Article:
Blue Willow took 12 months to make – including 8 weeks of production when the film’s musical score, illustrations and animation were created.
Dave Batt – Concept Artist & Storyboards
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Dave is a freelance illustrator and writer. He has worked for a variety of publications including Victoria University’s Salient magazine. His early sketches were crucial in developing the “look” of Blue Willow.
Jing is originally from Haikou, the capital of Hainan Island, off the coast of mainland China. She lives in Wellington with her husband and manages one of Wellington’s student hostels. It was her first time recording voice-over for an animated film.
Tom Beachamp – Voice of Tajin & Father
Tom is also a graduate of New Zealand’s prestigious Toi Whakaari NZ Drama School. As well as a being a physical theatre director, Tom is also an accomplished actor and circus performer.
Dan Caddy – Voice of Chang
Dan is an acting graduate of Toi Whakaari NZ Drama School. He has starred in numerous stage productions, radio dramas and the television series “The Strip”, a New Zealand comedy about a male strip club.
(Experimental Arts Magazine)
Bordering somewhere between dream, myth and critical reality, the films of Wellington artist Veialu Aila-Unsworth question ideas of culture, identity, time and space. Spurred by a deep personal search, Aila-Unsworth goes beyond the surface of mythology to tell stories that affirm and connect. Located deep within her imagination, her films are as lucid as they are direct.
With a New Zealand mother and Papua New Guinean father, Aila-Unsworth has always been pulled between cultures. “I was born in Papua New Guinea but moved to New Zealand when I was about four,” she says. “I’ve only been back once and that was to go and meet my father, my real father… It’s a part of me that I’m yet to fully explore.”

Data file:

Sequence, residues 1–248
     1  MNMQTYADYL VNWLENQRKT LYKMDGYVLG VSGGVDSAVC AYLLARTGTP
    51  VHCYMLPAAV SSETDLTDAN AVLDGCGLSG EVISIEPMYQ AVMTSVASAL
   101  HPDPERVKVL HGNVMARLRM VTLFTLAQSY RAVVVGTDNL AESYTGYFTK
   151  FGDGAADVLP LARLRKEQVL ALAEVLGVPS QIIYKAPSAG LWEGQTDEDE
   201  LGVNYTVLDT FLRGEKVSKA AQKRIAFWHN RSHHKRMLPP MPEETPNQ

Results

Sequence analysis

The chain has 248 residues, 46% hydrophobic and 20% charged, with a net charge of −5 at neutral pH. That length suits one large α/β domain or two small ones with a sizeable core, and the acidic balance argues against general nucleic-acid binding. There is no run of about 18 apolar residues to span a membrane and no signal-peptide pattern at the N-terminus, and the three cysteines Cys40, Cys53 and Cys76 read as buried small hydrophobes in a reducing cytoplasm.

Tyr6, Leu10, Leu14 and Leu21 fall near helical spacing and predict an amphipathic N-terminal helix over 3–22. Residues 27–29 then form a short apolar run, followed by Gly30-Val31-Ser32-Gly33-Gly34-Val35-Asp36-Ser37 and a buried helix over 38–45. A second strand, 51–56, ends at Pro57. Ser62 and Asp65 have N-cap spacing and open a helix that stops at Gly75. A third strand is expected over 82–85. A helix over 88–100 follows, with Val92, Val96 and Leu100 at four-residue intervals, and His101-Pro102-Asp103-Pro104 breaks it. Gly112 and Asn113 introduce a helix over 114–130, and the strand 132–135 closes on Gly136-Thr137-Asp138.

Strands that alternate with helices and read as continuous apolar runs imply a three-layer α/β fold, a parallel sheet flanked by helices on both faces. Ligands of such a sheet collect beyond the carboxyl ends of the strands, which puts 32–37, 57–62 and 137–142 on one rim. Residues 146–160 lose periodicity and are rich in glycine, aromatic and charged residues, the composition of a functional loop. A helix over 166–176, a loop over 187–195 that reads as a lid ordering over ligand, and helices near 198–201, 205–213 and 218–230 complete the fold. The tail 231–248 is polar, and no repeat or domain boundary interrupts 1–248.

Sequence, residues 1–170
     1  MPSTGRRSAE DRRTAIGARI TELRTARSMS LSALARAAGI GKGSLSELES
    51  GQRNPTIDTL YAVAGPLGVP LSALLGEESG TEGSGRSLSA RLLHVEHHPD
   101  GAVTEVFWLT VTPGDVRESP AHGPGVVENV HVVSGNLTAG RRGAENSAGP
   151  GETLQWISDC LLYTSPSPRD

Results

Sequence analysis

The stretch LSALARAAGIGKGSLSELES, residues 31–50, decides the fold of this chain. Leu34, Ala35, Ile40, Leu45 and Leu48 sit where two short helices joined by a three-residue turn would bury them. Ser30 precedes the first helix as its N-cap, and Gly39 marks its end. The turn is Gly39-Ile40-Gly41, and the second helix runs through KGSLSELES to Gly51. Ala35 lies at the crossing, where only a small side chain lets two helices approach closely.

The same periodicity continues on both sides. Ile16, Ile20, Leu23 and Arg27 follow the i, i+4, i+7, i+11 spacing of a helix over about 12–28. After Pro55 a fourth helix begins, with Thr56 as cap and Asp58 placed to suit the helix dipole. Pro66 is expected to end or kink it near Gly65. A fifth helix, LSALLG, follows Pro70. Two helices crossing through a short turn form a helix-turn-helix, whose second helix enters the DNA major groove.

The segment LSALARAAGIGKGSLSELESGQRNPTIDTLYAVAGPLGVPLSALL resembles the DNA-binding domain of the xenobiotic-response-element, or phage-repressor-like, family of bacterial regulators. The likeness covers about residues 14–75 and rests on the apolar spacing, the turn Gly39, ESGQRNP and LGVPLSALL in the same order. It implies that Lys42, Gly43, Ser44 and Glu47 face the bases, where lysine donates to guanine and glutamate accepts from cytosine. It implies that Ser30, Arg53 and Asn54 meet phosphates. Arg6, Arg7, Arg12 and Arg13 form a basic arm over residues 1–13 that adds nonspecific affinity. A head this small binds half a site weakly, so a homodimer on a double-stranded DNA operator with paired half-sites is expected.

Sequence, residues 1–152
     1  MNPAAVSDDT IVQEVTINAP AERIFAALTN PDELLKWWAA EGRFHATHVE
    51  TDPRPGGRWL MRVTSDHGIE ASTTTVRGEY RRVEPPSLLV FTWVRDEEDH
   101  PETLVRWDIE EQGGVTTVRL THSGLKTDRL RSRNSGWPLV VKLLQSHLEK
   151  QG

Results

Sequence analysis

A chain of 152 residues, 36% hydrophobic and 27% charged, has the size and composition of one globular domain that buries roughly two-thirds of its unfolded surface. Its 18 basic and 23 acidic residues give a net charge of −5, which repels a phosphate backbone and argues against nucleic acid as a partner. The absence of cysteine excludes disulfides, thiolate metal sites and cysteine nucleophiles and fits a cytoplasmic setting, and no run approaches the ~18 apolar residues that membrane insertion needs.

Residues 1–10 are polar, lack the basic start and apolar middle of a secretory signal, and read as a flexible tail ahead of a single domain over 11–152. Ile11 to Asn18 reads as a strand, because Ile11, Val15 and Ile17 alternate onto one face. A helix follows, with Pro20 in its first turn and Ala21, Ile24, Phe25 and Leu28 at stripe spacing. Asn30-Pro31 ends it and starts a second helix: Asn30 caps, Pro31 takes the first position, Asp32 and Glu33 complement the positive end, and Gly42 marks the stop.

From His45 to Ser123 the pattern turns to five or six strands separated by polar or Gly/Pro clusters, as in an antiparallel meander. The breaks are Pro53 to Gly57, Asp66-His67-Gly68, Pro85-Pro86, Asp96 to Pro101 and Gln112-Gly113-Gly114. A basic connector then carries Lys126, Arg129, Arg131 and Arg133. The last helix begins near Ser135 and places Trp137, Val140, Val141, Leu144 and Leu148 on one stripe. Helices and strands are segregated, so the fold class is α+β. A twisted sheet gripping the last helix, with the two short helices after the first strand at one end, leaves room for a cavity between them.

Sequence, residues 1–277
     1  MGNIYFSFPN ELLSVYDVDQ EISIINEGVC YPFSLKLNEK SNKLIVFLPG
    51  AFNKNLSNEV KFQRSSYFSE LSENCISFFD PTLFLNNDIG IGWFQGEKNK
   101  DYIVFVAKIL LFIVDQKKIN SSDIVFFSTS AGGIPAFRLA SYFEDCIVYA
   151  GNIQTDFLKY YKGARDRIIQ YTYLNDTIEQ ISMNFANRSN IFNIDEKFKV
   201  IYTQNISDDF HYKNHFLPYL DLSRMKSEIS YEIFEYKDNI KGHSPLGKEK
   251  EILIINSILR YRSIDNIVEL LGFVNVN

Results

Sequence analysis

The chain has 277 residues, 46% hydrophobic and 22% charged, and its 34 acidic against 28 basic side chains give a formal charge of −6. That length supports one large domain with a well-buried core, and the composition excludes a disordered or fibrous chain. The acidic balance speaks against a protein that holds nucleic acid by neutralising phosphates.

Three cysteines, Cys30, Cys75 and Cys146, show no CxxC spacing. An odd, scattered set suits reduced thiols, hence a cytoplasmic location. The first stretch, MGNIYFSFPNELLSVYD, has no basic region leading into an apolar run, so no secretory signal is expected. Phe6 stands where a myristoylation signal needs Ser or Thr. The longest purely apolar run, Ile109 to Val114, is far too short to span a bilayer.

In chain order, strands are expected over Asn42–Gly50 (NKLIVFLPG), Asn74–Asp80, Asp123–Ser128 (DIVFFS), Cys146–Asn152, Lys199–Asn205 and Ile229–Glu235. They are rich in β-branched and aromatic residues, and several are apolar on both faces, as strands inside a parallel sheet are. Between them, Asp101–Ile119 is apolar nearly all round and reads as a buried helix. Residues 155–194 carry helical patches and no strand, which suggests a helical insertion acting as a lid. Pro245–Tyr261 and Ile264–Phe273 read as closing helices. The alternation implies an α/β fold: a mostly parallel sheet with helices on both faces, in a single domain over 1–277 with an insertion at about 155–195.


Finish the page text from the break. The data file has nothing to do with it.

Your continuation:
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Blue Willow has screened in a number of Chinese classrooms. Here are a few comments by some of the teenage students:
“It’s very perfect and very imaginative. I enjoy it very much. I think you (the director) make the film represents your love (of) Chinese history, enjoy the style of Chinese love and Chinese culture.” (boy)
“In the end, I think someone’s freedom is more important than any other things.” (boy)
“I think the director conveys feeling that lovers will (be) together forever. From the film, I saw that as lovers we need to try and get along well together.” (boy)
“In my opinions, from the film, I saw that as a family we need to try to get along well together. If parents have something (they) want to solve, they should discuss (it) with their children. They don’t decide by themselves.” (girl)
“I love this film and think the art work is very good.” (girl)
“In this film, I saw that love doesn’t have limits and parents should let their children find their own happiness. Of course, lovers will (be) together forever.” (girl)
“When it was finished, I was very sad. I think family needs happiness. They should give freedom for their children.” (girl)
“The director only use simple colour and simple people, but she can express colourful feelings. It’s really excellent. From the film, I see that you should catch your love bravely when you meet (problems). Don’t be afraid and give up.” (girl)
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For New Zealand jewelery designer Lindsay Pemberton, the tea set is a source of inspiration. A fascination with simple domestic rituals like brewing a pot of tea led her to experiment with vintage teacups found in second hand shops. By dissecting them with a diamond saw, she’s given them a new lease of life as highly attractive and surprisingly strong Tea Bangles.
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Blue Willow has screened in over 26 film festivals in 11 countries.